As a plot moves forward, your characters will gather events, relationships, and memories that will transition from the novel’s present to the novel’s past. Make them matter by making them dynamic. If an event or relationship doesn’t progress from what has already been established, you are not using it to its full potential. For example, you present your reader with a contentious relationship between your protagonist and her main competitor on the track team. They make snappy remarks at one another and always vent their aggression on the track. But if their relationship doesn’t progress from this dynamic (by either getting better or worse), this story element will plateau. It becomes something in your character’s past that drags them down.
By having events and relationships change and evolve and grow in importance over the course of the story, you give each story element a trajectory in the plot. Give things a sense of future direction so that they don’t stagnate. In the track rival example, above, I’d find a way to work this relationship into the plot so we know that this dynamic is going to matter in the future of the story. To use a cliché example, maybe I’d work in an upcoming competition to really put the pressure on their bond. This way, the girls aren’t just snarking at one another in limbo, the relationship is also in forward motion toward something more climactic than we’re seeing in the novel’s present.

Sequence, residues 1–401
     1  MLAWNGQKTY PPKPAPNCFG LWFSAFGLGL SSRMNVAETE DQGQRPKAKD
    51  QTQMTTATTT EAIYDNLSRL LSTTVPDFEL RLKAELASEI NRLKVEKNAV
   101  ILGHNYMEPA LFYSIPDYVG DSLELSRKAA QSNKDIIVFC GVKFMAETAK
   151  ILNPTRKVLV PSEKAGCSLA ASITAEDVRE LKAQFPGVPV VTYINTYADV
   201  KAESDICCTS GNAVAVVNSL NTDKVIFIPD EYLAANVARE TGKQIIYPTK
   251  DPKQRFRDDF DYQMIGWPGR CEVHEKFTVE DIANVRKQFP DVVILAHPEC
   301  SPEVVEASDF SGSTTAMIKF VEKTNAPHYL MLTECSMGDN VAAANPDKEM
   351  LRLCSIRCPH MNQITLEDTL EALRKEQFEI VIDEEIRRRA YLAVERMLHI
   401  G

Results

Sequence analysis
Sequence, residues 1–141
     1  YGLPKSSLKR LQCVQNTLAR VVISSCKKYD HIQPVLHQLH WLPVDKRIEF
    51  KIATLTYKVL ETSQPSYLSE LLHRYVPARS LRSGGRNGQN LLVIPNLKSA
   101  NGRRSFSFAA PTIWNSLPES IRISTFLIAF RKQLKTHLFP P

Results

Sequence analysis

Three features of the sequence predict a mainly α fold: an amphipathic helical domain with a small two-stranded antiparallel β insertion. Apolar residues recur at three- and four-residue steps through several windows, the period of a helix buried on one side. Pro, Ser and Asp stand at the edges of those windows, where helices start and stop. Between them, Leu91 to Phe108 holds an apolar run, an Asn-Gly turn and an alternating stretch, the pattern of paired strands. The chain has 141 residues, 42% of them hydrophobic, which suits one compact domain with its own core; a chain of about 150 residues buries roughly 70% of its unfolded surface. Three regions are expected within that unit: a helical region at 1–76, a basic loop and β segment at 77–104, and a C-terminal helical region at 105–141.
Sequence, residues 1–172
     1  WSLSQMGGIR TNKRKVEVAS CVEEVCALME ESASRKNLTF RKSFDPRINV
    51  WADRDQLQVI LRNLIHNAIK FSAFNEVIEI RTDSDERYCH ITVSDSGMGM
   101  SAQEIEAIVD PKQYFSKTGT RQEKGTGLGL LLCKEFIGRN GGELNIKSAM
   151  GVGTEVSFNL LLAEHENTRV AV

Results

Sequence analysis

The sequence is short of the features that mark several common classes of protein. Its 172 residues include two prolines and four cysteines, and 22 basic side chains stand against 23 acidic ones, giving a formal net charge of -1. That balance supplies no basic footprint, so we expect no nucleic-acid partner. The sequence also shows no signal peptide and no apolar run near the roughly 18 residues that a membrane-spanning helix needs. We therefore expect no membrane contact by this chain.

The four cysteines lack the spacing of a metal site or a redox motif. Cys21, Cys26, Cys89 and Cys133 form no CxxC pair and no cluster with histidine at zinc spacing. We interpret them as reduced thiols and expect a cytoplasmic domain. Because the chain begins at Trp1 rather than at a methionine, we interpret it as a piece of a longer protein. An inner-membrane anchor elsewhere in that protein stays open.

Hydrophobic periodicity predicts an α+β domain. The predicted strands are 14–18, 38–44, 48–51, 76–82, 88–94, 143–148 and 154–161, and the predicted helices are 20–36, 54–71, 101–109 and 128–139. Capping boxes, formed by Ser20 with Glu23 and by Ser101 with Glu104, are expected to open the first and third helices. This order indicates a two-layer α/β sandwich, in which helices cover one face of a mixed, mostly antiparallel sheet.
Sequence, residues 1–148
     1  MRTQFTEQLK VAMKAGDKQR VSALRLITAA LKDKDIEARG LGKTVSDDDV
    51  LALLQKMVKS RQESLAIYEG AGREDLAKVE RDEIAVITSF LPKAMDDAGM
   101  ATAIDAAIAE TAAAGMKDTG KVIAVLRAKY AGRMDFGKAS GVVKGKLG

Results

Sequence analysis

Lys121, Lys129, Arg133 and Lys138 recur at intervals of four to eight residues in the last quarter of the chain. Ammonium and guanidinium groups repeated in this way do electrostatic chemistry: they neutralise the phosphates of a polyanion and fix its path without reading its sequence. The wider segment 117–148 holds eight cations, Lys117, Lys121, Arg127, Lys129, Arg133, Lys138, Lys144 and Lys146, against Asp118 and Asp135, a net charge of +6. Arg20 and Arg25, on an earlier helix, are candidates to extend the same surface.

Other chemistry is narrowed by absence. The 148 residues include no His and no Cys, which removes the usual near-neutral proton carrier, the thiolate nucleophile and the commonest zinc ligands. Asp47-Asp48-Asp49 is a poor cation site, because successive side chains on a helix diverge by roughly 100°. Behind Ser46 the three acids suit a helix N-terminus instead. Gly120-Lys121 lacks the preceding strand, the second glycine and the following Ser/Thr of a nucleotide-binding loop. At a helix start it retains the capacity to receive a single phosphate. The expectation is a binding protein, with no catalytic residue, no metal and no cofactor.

Think of every important story element as a line that’s climbing toward your climax. Any plot developments or relationships that plateau (especially in the middle of the novel) are shortchanging the future of your story by staying in lockstep with the past. Why is this such a bad thing? The reader is already familiar with what you’ve established. Without a sense that these elements have a future and are going somewhere, a reader’s investment wanes. Remember, a rising line trending toward the climax, with all elements growing, changing, and weaving together.